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Seamlessly Transition Back to Your Natural Hair Color

DKNY Fall 2016

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There are lots of breathtaking hair colors to have on your hair color bucket list, from blorange to milk tea. But balayage and bleaching can take their toll on our locks and our wallets. And even the best nourishing hair masks can only do so much. So there may come a time when you decide to go back to your roots in an effort to save your strands.

Growing out your hair color is easier said than done, even though some people are cool with embracing the rock ‘n’ roll vibes of visible roots. Truth is transitioning to your natural hair color is a process and it takes time. But that doesn’t mean you can’t have a little fun and experiment with new shades while growing out your hair color. So we asked hair care experts how to make the process as safe and painless as possible.

Do It the Right Way

You’ve been loving hair dye up to this point so don’t turn your back on it completely, especially when there are some clever and less damaging options. Larisa Love for Joico says transitioning back to your natural color all depends on your natural shade and current color. That’s where the pros come in. “There are different routes for everyone and it’s best to consult your colorist,” says Color Wow Global Creative Director Chris Appleton. “You want a look that can grow out well and you need to create that color while letting your natural [hair] grow out.”

Think Semi and Demi

Philipp Plein Fall 2019

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L’Oréal Matrix Artistic Director Nick Stenson recommends trading in permanent color for semi- or demi-permanent options. Both formulations fade over time. (The difference is demi-permanent dyes require some kind of developing agent to make the color oxidize, whereas semi-permanent colors are “direct dyes” that can be used straight from the tube.) While permanent color grows out and leaves a telltale line of demarcation. Moroccanoil Artistic Director Kevin Hughes adds that true semi-permanent hair colors contain no ammonia and very low peroxide so they often make your hair feel healthier.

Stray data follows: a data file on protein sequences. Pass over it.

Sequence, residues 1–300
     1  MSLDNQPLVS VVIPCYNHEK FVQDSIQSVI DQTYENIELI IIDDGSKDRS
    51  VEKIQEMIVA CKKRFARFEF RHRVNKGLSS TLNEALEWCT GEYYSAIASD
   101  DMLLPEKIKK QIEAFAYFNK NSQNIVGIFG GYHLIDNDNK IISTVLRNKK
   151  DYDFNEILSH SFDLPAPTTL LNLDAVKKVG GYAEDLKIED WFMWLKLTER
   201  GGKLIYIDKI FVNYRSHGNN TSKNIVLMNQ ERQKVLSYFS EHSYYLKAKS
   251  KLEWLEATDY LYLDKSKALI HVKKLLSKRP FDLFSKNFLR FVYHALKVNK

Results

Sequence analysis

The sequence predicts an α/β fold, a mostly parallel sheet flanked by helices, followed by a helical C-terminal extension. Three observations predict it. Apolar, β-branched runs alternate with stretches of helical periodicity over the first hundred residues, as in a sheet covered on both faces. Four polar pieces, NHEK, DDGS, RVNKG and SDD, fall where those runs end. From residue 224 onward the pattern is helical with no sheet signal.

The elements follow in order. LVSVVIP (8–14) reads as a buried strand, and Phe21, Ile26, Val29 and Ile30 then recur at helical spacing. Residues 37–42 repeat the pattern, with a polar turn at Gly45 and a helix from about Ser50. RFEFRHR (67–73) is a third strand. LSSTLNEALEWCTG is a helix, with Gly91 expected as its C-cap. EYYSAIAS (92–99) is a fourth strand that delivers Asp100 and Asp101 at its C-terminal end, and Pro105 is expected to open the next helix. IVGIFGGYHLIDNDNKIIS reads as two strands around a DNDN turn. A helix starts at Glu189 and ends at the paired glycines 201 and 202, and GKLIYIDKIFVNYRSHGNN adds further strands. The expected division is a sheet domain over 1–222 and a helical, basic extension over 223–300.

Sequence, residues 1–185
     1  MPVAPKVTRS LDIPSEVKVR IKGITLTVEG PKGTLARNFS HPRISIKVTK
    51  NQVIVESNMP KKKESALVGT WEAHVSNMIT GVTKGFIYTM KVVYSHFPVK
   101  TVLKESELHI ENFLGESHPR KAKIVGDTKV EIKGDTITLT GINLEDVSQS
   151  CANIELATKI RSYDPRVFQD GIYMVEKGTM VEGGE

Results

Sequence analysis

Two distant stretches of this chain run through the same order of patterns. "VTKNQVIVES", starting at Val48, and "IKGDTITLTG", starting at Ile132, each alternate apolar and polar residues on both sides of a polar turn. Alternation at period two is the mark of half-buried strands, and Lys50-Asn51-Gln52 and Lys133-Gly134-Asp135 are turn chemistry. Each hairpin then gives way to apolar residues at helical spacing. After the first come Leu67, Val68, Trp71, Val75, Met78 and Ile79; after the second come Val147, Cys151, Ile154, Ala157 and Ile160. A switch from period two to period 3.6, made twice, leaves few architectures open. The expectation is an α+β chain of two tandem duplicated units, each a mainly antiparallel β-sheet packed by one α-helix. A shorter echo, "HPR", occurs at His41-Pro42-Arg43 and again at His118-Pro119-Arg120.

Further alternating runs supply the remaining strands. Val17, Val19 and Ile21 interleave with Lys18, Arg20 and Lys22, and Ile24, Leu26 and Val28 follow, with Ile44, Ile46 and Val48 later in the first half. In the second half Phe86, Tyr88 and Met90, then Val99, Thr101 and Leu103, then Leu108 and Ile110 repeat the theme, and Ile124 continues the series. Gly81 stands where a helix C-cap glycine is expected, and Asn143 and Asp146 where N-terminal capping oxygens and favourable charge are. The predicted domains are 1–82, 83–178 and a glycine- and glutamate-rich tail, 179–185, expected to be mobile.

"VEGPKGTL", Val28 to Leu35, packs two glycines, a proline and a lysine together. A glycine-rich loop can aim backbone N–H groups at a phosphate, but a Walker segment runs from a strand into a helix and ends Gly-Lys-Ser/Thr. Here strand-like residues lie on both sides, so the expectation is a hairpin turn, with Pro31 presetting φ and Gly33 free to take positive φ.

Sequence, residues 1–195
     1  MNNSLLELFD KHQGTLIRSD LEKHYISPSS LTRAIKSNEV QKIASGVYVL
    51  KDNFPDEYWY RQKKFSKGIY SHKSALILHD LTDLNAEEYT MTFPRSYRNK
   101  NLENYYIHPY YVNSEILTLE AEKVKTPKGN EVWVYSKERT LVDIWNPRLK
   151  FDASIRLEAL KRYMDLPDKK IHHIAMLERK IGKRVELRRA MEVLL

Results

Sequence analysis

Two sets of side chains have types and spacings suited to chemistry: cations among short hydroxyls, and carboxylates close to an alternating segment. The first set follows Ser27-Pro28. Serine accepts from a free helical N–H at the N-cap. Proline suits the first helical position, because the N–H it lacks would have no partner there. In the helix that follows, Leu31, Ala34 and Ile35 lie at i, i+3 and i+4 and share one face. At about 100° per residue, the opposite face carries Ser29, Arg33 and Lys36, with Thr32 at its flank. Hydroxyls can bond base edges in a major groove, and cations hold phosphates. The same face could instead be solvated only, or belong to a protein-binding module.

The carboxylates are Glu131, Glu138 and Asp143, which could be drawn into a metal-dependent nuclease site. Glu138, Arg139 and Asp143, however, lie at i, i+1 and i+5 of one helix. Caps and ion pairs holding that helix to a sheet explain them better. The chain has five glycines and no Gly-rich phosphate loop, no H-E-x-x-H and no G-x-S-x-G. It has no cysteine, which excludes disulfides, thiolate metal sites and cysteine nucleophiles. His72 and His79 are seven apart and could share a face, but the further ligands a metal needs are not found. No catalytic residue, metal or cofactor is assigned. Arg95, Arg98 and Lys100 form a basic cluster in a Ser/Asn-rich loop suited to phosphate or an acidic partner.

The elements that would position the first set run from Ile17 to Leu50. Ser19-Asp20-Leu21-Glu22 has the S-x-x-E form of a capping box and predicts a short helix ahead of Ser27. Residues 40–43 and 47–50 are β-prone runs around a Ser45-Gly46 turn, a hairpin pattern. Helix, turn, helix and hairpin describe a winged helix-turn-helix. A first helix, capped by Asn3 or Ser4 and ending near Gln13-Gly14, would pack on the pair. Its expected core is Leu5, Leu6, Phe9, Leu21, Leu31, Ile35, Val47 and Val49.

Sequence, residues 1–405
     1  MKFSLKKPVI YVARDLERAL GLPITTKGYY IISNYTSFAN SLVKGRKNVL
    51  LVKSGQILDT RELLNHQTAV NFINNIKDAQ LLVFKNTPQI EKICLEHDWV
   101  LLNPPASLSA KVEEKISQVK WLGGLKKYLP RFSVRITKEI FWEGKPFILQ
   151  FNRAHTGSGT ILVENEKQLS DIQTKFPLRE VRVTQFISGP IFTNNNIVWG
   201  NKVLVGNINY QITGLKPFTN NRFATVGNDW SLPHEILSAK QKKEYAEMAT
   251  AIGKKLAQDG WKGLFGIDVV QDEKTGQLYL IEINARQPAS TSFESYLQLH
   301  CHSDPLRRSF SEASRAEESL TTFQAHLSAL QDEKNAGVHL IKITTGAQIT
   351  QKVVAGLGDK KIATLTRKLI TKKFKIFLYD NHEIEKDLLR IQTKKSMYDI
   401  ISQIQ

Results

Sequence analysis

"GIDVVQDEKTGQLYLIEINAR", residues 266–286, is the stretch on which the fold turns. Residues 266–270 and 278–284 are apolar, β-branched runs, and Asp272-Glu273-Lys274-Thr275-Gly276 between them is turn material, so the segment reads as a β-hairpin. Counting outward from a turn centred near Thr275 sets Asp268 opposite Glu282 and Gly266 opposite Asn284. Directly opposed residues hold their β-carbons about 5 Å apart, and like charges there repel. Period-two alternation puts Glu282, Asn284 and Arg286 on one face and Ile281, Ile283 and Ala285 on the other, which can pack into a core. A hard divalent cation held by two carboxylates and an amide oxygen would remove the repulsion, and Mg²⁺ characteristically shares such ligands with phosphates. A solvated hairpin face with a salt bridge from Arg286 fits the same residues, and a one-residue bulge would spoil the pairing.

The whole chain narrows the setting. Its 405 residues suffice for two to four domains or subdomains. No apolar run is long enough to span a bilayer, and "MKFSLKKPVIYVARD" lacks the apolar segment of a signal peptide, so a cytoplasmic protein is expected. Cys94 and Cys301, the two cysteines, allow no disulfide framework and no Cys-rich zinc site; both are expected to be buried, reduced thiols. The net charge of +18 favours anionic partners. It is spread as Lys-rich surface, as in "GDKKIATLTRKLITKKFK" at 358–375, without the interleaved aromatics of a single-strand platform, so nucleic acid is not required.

Another bonus is that you don’t have to match your natural color to your semi-permanent pick. Hughes says that it’s possible to choose a hair color that’s one shade lighter than your original color or one with a warmer tone. That way you can tone down the color you’re growing out, but the result isn’t one solid shade.

Hair glosses are another low-maintenance option. They add shine and bring life back to excessively dyed strands. Don’t know what semi-permanent color to pick? Manic Panic co-founders Tish and Snooky Bellomo suggest consulting a color wheel. Choose a hair color on the opposite side of the wheel from your present hue to neutralize said shade. For example, if your hair is dyed green, use a reddish-brown color, like auburn or chestnut, to help revert your tresses back to a natural brown tone. This concept may be more difficult, however, if you’re a natural blonde.

Highlights, Lowlights and Ombre Are Your Friends

Temperley London Spring 2019

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If your hair is dyed one shade, highlights can soften the line between your natural hair color and your dye of choice. Gina Rivera, founder and president of Phenix Salons, Inc., believes that balayage and ombre hair can be “extremely helpful” when transitioning colored locks back to their natural state. A stylist can strategically place highlights and lowlights so the color blends in a more natural way. And highlights can be toned to match new growth. Highlights can also give your tresses an all-over lighter look so the contrast of new growth and remaining colored hair is not as obvious. Stenson likes babylights (delicate, very fine highlights) for a natural, polished look.

But both Appleton and Love warn highlights and ombre aren’t the best options because they can grow out in an unnatural way. Still want something edgy? Shadow roots are a good option during the transitional phase.